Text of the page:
Nov 13th, 1942, Alconbury, England.  Col Edward J. "Ted" Timberlake (in left rear of jeep), first commander of the 93rd Bombardment Group, the first group of B-24 Liberator bombers to cross the Atlantic to join the air war in Europe and North Africa, welcomes England's King George VI (right rear of jeep) to the U.S. airbase at Alconbury.  The King inspected the B-24 seen in the background, "Teggie Ann," which was flown later on the famous Ploesti raid by the 376th Bombardment Group commander Col K.K. Compton, a former squadron commander in the 93rd.  From the front page of "The Liberator," the group's newsletter, founded and printed by the 93rd's public information officer, (then) Private Carroll "Cal" Stewart, who later co-authored a book about the Ploesti raid, "Ploesti:  The Great Ground-Air Battle of 1 August 1943."
Lt Col (Ret) Edward "Red" Weir waits in the lobby of the Embassy Suites Hotel in Lincoln, Nebraska for the arrival of his old friend, Ben Kuroki, whom he had not seen since the mid-40's during a chance meeting in Salt Lake City.  Colonel Weir wears his original A-2 bomber jacket from his WWII days as a navigator in B-24 Liberator bombers.  The WWII-era insert photo of Ben shows him standing next to their bomber, "Tupelo Lass," so named by the ship's pilot, Jake Epting of Tupelo, Miss.
After 60 years, two old friends get reacquainted.  Lt Col Edward "Red" Weir and former Sergeant First Class Ben Kuroki, the last two living crewmembers of the B-24 Liberator bomber "Tupelo Lass," meet again for the first time since the mid-40's.  Ed was the bomber's navigator, and Ben was the top turret gunner.  [A year-and-a-half after this was taken, Lt Col Weir passed away in Denton, TX.]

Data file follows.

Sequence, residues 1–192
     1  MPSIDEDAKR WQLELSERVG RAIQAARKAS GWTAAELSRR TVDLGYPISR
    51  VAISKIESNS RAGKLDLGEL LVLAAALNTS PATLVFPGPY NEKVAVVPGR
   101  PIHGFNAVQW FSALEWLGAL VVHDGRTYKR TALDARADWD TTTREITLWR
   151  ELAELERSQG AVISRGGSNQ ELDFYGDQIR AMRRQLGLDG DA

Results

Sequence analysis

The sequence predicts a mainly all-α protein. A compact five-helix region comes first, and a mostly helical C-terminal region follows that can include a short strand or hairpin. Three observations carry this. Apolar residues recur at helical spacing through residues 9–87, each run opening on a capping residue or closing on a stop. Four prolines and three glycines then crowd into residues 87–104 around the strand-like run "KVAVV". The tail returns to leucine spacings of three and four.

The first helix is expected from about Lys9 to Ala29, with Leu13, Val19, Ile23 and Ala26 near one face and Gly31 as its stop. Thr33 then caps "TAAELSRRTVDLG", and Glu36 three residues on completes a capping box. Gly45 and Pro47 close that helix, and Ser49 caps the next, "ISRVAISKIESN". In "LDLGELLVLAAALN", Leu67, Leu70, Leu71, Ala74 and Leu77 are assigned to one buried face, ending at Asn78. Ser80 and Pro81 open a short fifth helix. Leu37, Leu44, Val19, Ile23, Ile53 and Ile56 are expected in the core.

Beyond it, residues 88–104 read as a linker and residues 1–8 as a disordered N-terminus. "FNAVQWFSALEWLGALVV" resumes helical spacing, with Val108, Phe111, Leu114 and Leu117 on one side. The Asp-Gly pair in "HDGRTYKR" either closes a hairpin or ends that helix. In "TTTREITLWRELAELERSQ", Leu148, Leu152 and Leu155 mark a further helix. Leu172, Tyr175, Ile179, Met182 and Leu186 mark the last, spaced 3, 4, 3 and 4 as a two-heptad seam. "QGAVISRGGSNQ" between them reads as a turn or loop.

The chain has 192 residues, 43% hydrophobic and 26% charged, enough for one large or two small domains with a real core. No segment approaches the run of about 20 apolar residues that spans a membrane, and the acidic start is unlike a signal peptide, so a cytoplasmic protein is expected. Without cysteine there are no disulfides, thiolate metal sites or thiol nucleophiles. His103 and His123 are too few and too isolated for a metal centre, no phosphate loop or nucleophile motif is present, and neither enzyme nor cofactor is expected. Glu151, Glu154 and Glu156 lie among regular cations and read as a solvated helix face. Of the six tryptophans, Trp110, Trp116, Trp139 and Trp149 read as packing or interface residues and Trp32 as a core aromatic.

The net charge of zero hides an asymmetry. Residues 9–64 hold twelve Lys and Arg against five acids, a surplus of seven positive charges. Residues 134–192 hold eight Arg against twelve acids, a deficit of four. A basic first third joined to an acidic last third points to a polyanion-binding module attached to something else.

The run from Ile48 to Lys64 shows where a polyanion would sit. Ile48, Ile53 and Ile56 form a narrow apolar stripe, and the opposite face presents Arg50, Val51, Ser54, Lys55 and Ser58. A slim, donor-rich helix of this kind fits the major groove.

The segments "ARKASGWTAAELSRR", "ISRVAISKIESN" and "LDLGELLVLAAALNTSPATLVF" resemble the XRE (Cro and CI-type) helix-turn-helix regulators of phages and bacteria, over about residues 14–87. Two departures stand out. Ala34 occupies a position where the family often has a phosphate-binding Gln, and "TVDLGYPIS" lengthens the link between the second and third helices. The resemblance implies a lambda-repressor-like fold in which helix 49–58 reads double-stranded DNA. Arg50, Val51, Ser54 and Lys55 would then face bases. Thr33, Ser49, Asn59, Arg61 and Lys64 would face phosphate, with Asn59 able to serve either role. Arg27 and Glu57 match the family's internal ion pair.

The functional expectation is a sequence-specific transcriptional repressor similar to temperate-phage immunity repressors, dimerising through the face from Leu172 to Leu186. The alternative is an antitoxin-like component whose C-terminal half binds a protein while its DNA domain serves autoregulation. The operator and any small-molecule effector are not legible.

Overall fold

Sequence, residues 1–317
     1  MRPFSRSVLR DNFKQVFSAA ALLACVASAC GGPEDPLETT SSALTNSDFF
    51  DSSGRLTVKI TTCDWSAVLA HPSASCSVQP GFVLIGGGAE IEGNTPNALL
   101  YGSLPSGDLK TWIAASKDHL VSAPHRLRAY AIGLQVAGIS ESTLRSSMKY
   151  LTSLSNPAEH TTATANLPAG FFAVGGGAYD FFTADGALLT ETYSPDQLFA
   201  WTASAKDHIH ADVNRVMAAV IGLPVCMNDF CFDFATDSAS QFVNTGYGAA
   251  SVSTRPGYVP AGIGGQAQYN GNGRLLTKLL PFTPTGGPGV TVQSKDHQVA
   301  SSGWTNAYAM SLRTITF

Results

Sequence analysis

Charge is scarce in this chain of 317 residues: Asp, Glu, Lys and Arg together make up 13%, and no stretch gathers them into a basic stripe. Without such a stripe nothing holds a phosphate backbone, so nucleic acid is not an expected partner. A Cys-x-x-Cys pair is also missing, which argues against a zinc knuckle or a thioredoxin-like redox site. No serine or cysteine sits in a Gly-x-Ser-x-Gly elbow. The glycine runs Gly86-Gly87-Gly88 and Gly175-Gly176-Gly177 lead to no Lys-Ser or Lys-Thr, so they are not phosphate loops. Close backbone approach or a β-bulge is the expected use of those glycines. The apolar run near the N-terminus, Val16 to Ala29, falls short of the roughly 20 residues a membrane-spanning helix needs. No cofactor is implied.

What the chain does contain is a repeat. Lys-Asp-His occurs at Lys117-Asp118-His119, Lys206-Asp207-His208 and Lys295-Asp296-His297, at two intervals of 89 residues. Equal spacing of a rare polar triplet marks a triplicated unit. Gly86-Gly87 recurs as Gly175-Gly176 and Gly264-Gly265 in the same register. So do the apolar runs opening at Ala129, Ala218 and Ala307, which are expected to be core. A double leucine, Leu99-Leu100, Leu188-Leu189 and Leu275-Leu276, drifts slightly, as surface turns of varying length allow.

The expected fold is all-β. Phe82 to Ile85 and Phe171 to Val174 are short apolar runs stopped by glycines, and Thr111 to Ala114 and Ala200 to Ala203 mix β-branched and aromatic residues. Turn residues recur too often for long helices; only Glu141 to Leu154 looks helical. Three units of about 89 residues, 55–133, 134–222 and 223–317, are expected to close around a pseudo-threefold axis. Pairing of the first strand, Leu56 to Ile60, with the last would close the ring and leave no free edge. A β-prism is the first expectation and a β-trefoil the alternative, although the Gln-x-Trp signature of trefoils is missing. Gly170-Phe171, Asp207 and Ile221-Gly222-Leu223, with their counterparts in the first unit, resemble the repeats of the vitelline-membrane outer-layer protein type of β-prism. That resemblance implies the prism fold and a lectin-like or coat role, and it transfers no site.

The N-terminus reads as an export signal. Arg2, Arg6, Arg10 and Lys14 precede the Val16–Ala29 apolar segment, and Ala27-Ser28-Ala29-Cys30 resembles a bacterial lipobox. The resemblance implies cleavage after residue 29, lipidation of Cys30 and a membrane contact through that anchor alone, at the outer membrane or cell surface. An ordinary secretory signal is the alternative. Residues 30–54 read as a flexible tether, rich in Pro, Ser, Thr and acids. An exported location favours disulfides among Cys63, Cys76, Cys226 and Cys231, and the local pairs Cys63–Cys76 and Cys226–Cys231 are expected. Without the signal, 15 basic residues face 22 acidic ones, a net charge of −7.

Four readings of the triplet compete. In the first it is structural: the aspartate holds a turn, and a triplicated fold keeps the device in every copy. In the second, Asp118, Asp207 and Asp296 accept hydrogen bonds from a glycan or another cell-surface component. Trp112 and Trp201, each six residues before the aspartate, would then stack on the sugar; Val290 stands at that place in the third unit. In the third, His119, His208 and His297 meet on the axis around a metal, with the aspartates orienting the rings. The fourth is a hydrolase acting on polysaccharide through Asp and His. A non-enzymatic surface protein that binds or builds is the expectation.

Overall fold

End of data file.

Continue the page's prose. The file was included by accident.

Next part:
Lew Brown, former B-24 Liberator bomber command pilot, and Ed Weir, former B-24 navigator, both veterans of the 93rd Bombardment Group, talk over old times in the dining room of the Embassy Suites Hotel in Lincoln, Nebraska, Aug 1st, 2007.  A copy of the book, "Those Brave Crews," by Ray Ward, the story of the Aug 1st, 1943 bombing raid on the oil refineries at Ploesti, Romania, as told in poetry, is on the table between them.  Both men are vets of that famous raid, which is to this day one of the most highly decorated combat actions, per capita, of any American military branch of service during any conflict in the nation's history.
Robert Sparks, former B-24 Liberator bomber tail gunner, 93rd Bombardment Group, 8th Air Force.  Veteran of the famous Ploesti raid, Aug 1st, 1943.  Sometime after Ploesti, Sparky took a 20mm flak round hit in his tail turret over Germany.  After he bailed out, he was taken prisoner when he landed.  He said that the German doctor, who removed the chunk of flak from his backside (which he said he still has), was drunk when he operated on him.  He spent the rest of the war as a PW in camp Luft IV.  Taken on the 64th anniversary of the Ploesti raid, Aug 1st, 2007, in Lincoln, Nebraska.
A WWII vet finally gets his photo taken by the entrance to his long overdue Memorial.

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A WWII vet finally gets his photo taken by the entrance to his long overdue Memorial.
A WWII vet finally gets his photo taken by the entrance to his long overdue Memorial.

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Photo by: jawtex · See photo in original gallery.